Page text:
Immunity Shots—Do They Really Work?

The science behind wellness and immunity shots.

Wellness or immunity shots are not the vaccines your doctor gives you, at least not in this context. The immunity shots we’re talking about today are those juice shots and immunity-boosting concoctions you can include in your morning smoothies or toss back like a dose of strong medicine. The question at hand is, “Do these immunity booster shots actually work to support your immune system?” This article showcases five popular immunity shot recipes, and the science behind their ingredients.

The Science Behind Immunity Shots

Here are five variations of immune system shot boosters that you can prepare at home for a morning pick-me-up. Each one has healthy juices and ingredients that give you a high concentration of vitamins, minerals, and antioxidants. These are miniature elixirs that promise to help guard against colds and flus, while improving gut health, providing natural energy, and fighting free radicals. But are these promises true?

The science behind wellness and immunity shots.

1. Immune Boosting Ginger Shots

With 1 apple, 2 lemons, a 2-inch piece of ginger root, and a 2-inch piece of turmeric root, we’ve got a natural remedy for boosting your immune system. Green apples are a low-sugar way to balance the tangy flavor of turmeric and ginger, plus the lemons in this recipe bring you a zesty dose of vitamin C. Ginger can help clear your airways and soothe a sore throat, while turmeric fights inflammation. If you’re wondering what else ginger can do, it’s a long list.

2. Pineapple-Turmeric Gut Shots with Apple Cider Vinegar

With pineapple juice, apple cider vinegar, turmeric, ginger, and sea salt, you can create a tongue-twistingly sweet wellness shot. Apple cider vinegar is the key ingredient, with B vitamins, vitamin C, and acetic acid that can help boost mineral absorption from the food you eat. More of apple cider vinegar’s benefits include the following points of interest.

3. Wheatgrass Shot

Put a little wheatgrass through a juicer, strain out its dark green juice from the pulp using a nut milk bag or cheesecloth, and add a dose of coconut water for flavor and superior consistency. What does wheatgrass do for your health? Wheatgrass benefits include the following.

4. Immune-Boosting Grapefruit Juice

With a handful of mint leaves, some strawberries, a bit of fresh ginger, a little vanilla to temper the tartness, and a single red grapefruit, you can make this refreshing bright red juice. What makes grapefruit juice so valuable? Let’s take a look.

  • Grapefruit juice is high in nutrients, yet low in calories: With vitamin C, vitamin A, potassium, thiamine, folate, and magnesium, a medium-sized grapefruit only contains about 52 calories.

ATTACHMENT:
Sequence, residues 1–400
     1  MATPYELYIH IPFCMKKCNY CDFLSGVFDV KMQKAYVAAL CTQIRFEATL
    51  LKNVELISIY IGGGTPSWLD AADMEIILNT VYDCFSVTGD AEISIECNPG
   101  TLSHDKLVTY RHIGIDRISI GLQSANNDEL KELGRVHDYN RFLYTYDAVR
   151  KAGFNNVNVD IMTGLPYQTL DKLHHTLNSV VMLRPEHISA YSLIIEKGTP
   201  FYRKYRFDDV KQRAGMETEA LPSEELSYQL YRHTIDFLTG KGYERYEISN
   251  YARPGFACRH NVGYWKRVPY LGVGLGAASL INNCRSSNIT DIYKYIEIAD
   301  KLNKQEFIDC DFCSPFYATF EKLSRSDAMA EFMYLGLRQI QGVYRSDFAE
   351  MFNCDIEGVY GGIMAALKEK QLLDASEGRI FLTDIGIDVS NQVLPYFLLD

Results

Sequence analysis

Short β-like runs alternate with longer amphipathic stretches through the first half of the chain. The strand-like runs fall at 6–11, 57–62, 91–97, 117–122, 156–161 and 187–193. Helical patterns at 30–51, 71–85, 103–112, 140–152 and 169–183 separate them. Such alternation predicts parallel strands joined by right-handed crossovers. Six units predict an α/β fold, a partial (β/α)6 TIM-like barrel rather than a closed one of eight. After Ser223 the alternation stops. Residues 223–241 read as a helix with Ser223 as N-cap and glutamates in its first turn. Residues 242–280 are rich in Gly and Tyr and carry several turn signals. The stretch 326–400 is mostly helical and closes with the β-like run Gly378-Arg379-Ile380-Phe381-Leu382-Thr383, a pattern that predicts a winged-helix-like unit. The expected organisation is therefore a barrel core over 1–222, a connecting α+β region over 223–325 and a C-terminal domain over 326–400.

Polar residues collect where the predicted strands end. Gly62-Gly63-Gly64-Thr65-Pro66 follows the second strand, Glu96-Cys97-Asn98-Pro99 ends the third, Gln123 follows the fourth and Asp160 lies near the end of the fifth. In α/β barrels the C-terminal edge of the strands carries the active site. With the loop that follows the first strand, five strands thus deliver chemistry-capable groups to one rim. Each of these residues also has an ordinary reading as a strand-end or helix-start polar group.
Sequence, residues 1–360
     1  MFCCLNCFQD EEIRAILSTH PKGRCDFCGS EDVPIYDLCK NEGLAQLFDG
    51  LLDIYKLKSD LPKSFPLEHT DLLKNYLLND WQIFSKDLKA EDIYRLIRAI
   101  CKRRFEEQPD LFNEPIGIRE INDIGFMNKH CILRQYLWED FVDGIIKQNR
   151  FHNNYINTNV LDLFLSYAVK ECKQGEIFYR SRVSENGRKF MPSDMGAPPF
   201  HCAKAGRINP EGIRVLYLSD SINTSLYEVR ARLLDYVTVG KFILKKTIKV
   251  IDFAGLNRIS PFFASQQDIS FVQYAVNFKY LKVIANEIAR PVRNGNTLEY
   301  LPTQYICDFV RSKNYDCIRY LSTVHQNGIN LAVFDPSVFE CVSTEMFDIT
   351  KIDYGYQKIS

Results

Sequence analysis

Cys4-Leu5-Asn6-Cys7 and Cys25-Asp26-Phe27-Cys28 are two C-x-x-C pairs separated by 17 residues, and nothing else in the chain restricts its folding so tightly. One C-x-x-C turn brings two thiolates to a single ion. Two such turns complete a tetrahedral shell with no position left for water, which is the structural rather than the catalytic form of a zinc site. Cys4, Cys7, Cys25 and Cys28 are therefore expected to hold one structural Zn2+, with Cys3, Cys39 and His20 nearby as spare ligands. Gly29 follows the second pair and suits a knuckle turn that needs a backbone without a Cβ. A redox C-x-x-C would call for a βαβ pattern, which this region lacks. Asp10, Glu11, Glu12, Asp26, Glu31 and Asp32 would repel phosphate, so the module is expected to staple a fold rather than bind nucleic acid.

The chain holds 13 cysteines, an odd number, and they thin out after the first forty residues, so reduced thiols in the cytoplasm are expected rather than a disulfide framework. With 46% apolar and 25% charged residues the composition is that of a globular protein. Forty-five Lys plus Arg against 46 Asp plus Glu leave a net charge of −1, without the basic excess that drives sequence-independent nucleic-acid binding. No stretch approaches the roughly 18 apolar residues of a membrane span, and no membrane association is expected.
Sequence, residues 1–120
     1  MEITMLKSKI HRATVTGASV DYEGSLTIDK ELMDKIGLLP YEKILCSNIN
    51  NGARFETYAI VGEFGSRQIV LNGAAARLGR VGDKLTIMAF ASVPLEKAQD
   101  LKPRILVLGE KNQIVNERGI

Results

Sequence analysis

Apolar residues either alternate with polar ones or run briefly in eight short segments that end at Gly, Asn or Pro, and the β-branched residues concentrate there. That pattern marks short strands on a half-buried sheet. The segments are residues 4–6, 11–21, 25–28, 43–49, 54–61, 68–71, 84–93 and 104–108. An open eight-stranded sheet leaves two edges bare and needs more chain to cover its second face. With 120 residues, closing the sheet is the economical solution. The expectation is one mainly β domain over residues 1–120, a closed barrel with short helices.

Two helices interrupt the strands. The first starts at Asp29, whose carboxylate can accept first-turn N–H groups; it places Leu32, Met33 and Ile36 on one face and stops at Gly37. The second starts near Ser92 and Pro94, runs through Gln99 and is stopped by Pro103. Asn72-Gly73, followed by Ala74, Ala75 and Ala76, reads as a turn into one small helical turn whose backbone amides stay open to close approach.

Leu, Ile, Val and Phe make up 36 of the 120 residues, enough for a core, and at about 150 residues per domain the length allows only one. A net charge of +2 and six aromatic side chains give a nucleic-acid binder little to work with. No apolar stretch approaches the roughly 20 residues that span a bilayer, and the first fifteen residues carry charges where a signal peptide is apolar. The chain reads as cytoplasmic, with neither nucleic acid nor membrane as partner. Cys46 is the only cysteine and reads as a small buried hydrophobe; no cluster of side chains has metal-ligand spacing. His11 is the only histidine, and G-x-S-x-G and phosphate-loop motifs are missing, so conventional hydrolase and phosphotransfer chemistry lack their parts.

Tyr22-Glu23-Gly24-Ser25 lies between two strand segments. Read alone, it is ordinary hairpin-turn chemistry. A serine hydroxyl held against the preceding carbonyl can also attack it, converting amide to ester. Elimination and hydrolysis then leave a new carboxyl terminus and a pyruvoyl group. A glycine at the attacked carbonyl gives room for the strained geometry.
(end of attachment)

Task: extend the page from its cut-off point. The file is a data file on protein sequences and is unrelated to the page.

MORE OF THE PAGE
• The immune system is boosted by grapefruit juice: The vitamin C in grapefruit juice is an antioxidant that has been shown to boost recovery from the common cold, and vitamin A can protect against inflammation and infectious disease.
  • Grapefruit juice can help prevent insulin resistance and diabetes: Grapefruit juice can help control blood sugar and insulin levels, two huge factors in the prevention and management of type 2 diabetes.
  • Heart health is bolstered by grapefruit juice: By improving the total cholesterol ratio in people who regularly eat grapefruits, and by providing about 5% of the daily recommended value of potassium, grapefruit juice has a positive impact on heart health.

5. The Early Riser: Beet, Pineapple, Carrot and Lemon Juice

The key ingredient in this wellness shot is the deep burgundy beauty that is the beet. With 2 carrots, 1 cup of chopped pineapple or pineapple juice, a lemon, and 1 peeled beet, you can make this tart and tasty elixir. Beetroot juice can bring the following health benefits to your morning.

  • Beetroot juice can help lower blood pressure: The high nitrate content in beetroot juice converts to nitric acid in the blood, which helps relax and widen blood vessels.
  • The progression of dementia may be slowed by beetroot juice: The nitrates that contribute to heart health also increase blood flow to the brain in older people, and can help slow age-related cognitive decline and dementia.
  • Beetroot juice may help prevent cancer: The rich color of beets comes from betalaines, water-soluble antioxidants that have been found to have chemo-preventive abilities against certain cancer cell lines. Betalaines are considered free radical scavengers that can seek and destroy unstable cells in your body.
  • The mineral content in beetroot juice is high: Potassium, calcium, iron, phosphorous, magnesium, manganese, sodium, copper, zinc, and selenium—all of these minerals help contribute to your health.
  • Beetroot juice supports your liver: An overloaded liver can lead to nonalcoholic fatty liver disease, and contributing factors include a poor diet, exposure to toxic substances, and a sedentary lifestyle. The betaine in beetroot juice can help prevent or reduce fatty deposits in the liver, and may aid in protecting the liver from toxins.

Immunity Shots Across the Bow

Put the threats to your health on notice with your own homemade immunity shots. Free radicals, opportunistic cold and flu viruses, and toxins in your body will be on the defensive when you start your day with a concentrated dose of antioxidants. You can diversify your ingredients and recipes as much as you want to make sure you’re getting the health benefits you need the most. So the answer to the initial question, “Do immunity shots really work?” is yes, they do! So long as the ingredients in them have scientifically proven benefits.

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